Talking Movies

September 27, 2019

What the Hell is … An Objective Correlative?

I’m interested both in the origin of the term and its usage now, both actual and potential, and the difference between the two…

TS Eliot coined the term ‘objective correlative’ in his infamous critical essay ‘Hamlet and His Problems’ to describe an ideal objectivity that the artist would achieve between the impulse to create and the finished work of art.

More specifically, suppose that a dramatist wishes to write a play about war, having served in a war. Eliot would instantly insist that the dramatist distance themselves from what they’re proposing to create, for the play to have any value it must speak to people who have not been in a war, the playwright must find an objective correlative that converts their personal experience into universally accessible art. Eliot’s essay is infamous because in it he denied Hamlet masterpiece status because he claimed Shakespeare had been too close to the raw emotion of the loss of his son, to properly explore the theme of father-son grief, and so his play did not find an objective correlative of that emotional state, but was intensely subjective.

Eliot’s audacity is amazing but the same sentiment is found self-reflexively in John McGahern’s preface to the second edition of The Leavetaking: “I had been too close to the ‘Idea’, and the work lacked that distance, that inner formality or calm, that all writing, no matter what it is attempting, must possess.” McGahern thus rewrote the entire first half of his novel because he felt he had been too close emotionally to his subject and that it had been subjective more than it had been objective as art.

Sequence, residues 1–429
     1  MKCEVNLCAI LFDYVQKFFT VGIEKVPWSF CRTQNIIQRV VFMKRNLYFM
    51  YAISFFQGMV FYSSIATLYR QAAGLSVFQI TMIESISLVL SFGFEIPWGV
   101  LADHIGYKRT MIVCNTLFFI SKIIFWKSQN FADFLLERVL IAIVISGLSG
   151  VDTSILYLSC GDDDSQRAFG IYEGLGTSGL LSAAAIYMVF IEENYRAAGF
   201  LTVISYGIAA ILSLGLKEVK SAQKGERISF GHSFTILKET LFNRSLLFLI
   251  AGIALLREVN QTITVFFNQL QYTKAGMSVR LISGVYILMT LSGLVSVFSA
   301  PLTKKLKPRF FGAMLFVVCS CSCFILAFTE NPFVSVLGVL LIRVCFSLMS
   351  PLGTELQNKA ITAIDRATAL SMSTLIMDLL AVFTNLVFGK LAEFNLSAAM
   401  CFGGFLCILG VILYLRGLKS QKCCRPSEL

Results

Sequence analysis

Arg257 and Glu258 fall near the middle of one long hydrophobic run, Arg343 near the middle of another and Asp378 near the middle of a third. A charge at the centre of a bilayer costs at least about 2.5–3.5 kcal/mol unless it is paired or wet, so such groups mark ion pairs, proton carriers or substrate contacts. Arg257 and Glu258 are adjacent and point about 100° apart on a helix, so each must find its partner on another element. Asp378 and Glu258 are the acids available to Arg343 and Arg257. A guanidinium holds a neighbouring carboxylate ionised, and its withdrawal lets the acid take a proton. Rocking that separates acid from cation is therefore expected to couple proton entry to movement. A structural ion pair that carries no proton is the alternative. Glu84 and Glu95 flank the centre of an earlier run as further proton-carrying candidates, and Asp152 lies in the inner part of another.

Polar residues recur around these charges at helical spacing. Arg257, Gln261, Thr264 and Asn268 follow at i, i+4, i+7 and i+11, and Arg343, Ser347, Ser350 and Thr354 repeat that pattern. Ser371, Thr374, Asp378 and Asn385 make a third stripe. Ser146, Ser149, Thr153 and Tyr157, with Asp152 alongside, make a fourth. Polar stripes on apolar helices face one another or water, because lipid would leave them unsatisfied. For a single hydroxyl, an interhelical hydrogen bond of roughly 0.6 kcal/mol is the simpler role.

I think that objective correlative went from being used by people who’d read Eliot’s essay to other critics who’d only read it in the context of critical writings by those people, to eventually leaping from academia into popular criticism where it was used by people who hadn’t read any of the essays that came before them.

Barack Obama, in his discussion of religion and politics in The Audacity of Hope, invokes an equivalent of TS Eliot’s objective correlative, demonstrating its application not just to art but to any intellectual pursuit in which the subjective and the objective collide. Obama’s argument is that no argument on an emotive issue involving religion and politics can get anywhere if people merely quote Scripture or Thomas Jefferson at each other. What must be done to take the emotive heat out of the argument is to convert subjective religious values into their objective correlative – arguments invoking universal values, which can be accommodated in political discourse without everyone losing their minds.

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